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By Karin Allen, Principal Analyst, Capital Programming & Performance Analysis, RTA

If you had to guess which transit agency in the U.S. spent the most money on transit capital projects per resident in 2014, which would you guess?  New York?  Los Angeles?  Chicago?

Keep guessing.

On a per-resident basis, the Honolulu Department of Transportation Services spent over $425 per resident, versus about $60 at CTA, $29 at Metra, and $8 at Pace.What gives, you might ask?  Well, Honolulu is in the process of building a 20-mile elevated light rail system on the island of Oahu that will serve 21 stations with 80 transit vehicles.  The project is estimated to eventually cost about $6.7 billion.  Yep, billion with a “B”.  Building new rail lines and stations costs a LOT of money.  But, so does maintaining what you’ve already got.

Something to consider:  on August 25, the RTA Board adopted the preliminary capital program funding levels for CTA, Metra, and Pace, covering the five years 2017-2021.  The capital budget, which pays for the cool stuff customers want (like new rail cars and buses) also has to pay for stuff that customers don’t generally think about (like system and bridge maintenance).  And there’s only so much money to go around.  For the next five years, the RTA is projecting that we will have $3.4 billion available, to be shared among CTA, Metra, and Pace.  That’s about $680 million a year, coming from mostly federal funding.  In the midst of the Illinois state budget difficulties, there has been no new State capital investment program for transit.

A State of Good Repair (SGR) will be achieved when our system’s assets are replaced at the end of their useful life, when all necessary rehabilitation has been performed, and when capital maintenance is up to date.  We estimate that it would require an annual investment of $2.6 billion to achieve this standard, over a 20-year period.  So, as you can see, that $680 million that we’re projecting isn’t even a quarter of what we need.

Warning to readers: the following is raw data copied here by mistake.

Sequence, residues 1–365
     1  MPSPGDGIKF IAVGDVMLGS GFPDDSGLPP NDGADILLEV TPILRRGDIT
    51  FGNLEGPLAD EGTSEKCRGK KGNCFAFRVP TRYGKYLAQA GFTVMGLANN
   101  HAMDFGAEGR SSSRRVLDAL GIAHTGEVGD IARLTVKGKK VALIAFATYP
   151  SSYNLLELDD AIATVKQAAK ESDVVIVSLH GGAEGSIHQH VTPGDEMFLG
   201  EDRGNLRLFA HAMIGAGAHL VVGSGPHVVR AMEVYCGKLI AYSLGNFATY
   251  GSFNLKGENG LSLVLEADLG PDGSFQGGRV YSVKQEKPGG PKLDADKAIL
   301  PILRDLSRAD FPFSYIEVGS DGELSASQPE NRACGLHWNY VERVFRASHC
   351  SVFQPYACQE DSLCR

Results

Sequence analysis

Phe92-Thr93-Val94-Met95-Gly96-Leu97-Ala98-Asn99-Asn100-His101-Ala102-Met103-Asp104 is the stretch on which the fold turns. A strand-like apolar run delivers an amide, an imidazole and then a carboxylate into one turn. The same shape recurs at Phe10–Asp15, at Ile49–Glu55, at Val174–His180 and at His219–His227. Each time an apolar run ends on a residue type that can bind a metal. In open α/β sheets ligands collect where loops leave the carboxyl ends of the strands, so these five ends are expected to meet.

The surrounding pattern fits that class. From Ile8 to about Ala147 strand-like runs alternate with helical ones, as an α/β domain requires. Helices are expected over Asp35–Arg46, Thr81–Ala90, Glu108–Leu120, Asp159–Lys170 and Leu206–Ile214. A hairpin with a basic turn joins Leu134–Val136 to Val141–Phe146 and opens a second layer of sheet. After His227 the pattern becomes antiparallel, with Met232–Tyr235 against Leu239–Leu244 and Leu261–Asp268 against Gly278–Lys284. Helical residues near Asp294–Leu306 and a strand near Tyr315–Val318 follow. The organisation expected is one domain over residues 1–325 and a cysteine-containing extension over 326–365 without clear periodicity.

You might think $2.6 billion a year for 20 years sounds enormous.  It is.  The fact is, the RTA region has a lot of transit service already and we need to keep it in good working order.  Between the three service agencies, there are over 7,500 vehicles serving riders:  about 1,800 CTA buses, 1,500 CTA trains, 1,300 Metra train cars, 750 Pace buses, 840 vanpool vans, and 1,200 paratransit vehicles.  Aside from the vehicles that we ride to get from here to there, there are stations (did you know Metra, with 241 stations, has the most of any commuter rail service in the US?), maintenance facilities, switches, signals, radios, etc.  The list of transit assets goes on and on and on.   Every year that our capital program is underfunded adds projects to our ‘to-do’ list and keeps us from attaining that system-wide State of Good Repair which we are trying to achieve.

We have a lot to be proud of in our region.  We invest our resources wisely.  In 2014, for the 4th year in a row, our region came in first place for having the lowest operating cost per passenger mile, compared to other major cities in the U.S.

Our transit system is a magnet that we have to maintain in order to attract residents and businesses.  We need transit to keep getting us to work every day, to get our kids to school, and to reduce the congestion and pollution that come from having too many cars on the road.  Capital funding is a key part of that, and the RTA is working to ensure that we have enough of it.  Something to think about.  We’ll keep you posted on what we’re doing to increase capital funding for our regional public transit system.








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